In this case the tool must have obtained a from the filesystem at some point.

    • $ find a
      a
      $ find A
      A

      In this case the tool uses a or A taken from its command line argument. The filesystem only confirms such file exists. The filesystem (and the OS) knows this particular file can be referred to as a or A.

    • $ find a -name A
      $ find A -name a

      Nothing! This shows -name doesn't care what the filesystem knows about the file. Only the pathname used by find matters.

      Somewhat similarly in case of your example: -iname doesn't care what the filesystem knows about the symlink and its target. Only the pathname used by find matters.


To clarify and explicitly state what happens, let us go back to your example with the following directory structure:

.
├── main-file
└── sl-file -> main-file

find . -print or find -L . -print prints:

.
./main-file
./sl-file

These are the pathnames, i.e. strings find uses to identify the three files (directory is also a file). The string . comes from the command, the other two were build by examining . (now I mean the file, not the string), learning it is of the type directory, deciding if we should descend (in general think of -prune, -maxdepth if supported), listing its content: main-file, sl-file.

Note the string /.sl-file is built before anything is done to the file identified by it. To do anything with the file, find needs the string.

But -name or -print don't do anything to the file, they don't need its data or metadata. They work with the pathname, the string.

When -name "*main*" is evaluated for any pathname, the corresponding file or the entire filesystem is completely irrelevant. The only relevant thing is the pathname which is a string; more specifically the last component of it, i.e. the basename, also a string.

For any given pathname -name doesn't care if you used -L or if the file is a symlink in the first place, or where it points to, or if it's not broken. It works with the already known string.

On the other hand tests like -type or -mtime need to query the filesystem about the file identified by the pathname. String is not enough for them. In case of a symlink -L decides if they query about the target of the symlink or about the symlink itself. Still, if there is -print involved then it will print the pathname, regardless of what was queried.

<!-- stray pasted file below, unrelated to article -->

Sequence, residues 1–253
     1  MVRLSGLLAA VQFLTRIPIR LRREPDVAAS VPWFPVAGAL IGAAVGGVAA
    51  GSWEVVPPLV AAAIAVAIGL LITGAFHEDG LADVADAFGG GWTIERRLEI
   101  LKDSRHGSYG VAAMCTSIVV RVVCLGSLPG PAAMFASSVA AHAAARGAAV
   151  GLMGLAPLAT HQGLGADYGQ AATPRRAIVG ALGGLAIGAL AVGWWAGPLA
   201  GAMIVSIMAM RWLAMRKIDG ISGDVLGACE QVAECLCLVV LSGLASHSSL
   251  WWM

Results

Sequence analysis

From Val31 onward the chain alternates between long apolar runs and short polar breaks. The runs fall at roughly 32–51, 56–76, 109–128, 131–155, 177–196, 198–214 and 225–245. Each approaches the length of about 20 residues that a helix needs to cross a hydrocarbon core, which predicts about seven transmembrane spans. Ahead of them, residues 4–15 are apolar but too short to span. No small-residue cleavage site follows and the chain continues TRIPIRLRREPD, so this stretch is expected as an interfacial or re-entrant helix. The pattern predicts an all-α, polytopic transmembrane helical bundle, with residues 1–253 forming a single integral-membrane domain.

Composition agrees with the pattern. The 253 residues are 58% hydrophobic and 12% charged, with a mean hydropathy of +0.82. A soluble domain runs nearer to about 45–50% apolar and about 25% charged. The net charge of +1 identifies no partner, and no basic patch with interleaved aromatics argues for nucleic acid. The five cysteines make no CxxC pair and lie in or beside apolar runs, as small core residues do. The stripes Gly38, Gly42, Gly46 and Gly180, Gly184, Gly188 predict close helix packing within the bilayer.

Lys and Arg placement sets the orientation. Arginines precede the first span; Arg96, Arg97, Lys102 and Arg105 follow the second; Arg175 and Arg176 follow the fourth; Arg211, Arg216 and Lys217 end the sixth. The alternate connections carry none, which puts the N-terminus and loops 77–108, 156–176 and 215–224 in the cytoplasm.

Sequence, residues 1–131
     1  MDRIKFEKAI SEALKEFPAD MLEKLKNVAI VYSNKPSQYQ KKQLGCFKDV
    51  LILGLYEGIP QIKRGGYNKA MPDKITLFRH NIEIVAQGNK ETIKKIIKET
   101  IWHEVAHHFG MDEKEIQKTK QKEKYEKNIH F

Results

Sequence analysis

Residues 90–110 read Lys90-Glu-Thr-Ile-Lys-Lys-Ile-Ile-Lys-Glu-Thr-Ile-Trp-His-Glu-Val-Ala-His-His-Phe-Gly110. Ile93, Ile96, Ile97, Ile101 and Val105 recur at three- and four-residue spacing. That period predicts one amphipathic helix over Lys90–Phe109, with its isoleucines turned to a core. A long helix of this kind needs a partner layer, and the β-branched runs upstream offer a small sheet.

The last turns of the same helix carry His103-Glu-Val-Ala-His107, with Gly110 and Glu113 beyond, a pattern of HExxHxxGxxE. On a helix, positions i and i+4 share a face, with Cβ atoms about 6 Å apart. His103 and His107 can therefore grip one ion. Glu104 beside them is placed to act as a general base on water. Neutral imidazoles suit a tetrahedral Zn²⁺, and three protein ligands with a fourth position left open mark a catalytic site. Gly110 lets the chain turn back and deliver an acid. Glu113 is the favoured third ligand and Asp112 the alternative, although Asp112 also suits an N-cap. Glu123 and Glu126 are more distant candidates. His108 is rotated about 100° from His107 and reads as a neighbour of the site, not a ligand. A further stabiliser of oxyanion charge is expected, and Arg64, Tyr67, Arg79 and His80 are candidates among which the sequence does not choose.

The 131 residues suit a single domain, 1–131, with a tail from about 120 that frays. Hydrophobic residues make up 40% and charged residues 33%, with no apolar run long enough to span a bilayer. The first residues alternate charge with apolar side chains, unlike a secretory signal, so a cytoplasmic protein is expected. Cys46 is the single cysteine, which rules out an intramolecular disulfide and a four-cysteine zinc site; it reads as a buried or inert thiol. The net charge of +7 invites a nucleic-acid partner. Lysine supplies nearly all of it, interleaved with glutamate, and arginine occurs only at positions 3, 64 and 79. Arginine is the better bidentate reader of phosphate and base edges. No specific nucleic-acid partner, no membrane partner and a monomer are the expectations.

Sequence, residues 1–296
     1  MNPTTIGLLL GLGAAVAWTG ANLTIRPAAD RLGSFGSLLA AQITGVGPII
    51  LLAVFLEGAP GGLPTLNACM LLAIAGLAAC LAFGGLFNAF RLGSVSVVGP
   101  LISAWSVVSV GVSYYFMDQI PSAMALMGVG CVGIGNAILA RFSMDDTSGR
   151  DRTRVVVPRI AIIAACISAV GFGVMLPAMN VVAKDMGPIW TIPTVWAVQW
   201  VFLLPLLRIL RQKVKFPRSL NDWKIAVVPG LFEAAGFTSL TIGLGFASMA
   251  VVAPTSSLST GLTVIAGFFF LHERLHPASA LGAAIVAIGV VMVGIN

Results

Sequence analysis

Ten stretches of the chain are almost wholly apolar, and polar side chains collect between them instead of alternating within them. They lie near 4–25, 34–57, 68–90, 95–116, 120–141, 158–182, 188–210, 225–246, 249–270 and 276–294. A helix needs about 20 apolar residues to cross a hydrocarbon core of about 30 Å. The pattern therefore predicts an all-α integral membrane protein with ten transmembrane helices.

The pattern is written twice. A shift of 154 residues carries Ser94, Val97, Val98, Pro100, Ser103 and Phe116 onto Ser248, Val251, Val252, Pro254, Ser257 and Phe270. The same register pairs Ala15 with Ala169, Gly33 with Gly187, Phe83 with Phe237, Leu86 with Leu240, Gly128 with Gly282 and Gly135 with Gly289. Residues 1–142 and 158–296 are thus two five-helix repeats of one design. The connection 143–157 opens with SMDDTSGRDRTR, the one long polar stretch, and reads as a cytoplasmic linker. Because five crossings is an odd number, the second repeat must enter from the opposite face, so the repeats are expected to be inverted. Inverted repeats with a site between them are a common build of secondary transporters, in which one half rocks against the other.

In other words:

  • without -L

    • ./main-file string identifies ./main-file file of type f
    • ./sl-file string identifies ./sl-file file of type l
  • with -L

    • ./main-file string identifies ./main-file file of type f
    • ./sl-file string also identifies ./main-file file of type f

Then you should mind which test or action works with pathnames (strings) and which works with files.

-name and -print work with pathnames so find . -name "*main*" with or without -L will only print

./main-file

-type works with files so find . -type f will print one pathname:

./main-file

and find -L . -type f will print two pathnames:

./main-file
./sl-file
| improve this answer | |
  • Let me thank you very much for taking the time and effort to put all this together! I really am. I would like very much to it a bit further. Let's take the example you used: /tmp/foo/bar -> /etc/fstab, and I'm in /tmp/foo, and assume that I created the symlink today. Running find -mtime 0 returns ./bar, find -L -mtime 0 will NOT return /etc/fstab nor ./bar. That's expected and is correct. But running find -L -name fstab will NOT return anything as well! I was expecting /etc/fstab to return or ./bar as it points to a file matching the name. – joker Mar 17 at 11:04
  • Would you please explain why it doesn't apply the name test as it applies the time test? – joker Mar 17 at 11:05
  • So you are saying that only files under the specified pathname are the ones considered? – joker Mar 18 at 9:59
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    @joker Done. The new part begins with words "To clarify and explicitly state". Later I may shuffle the parts to create a more logical sequence; I haven't decided yet. – Kamil Maciorowski Mar 18 at 16:23
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    @joker Well, I guess some degree of Asperger syndrome is an advantage in this case. :) – Kamil Maciorowski Mar 21 at 19:12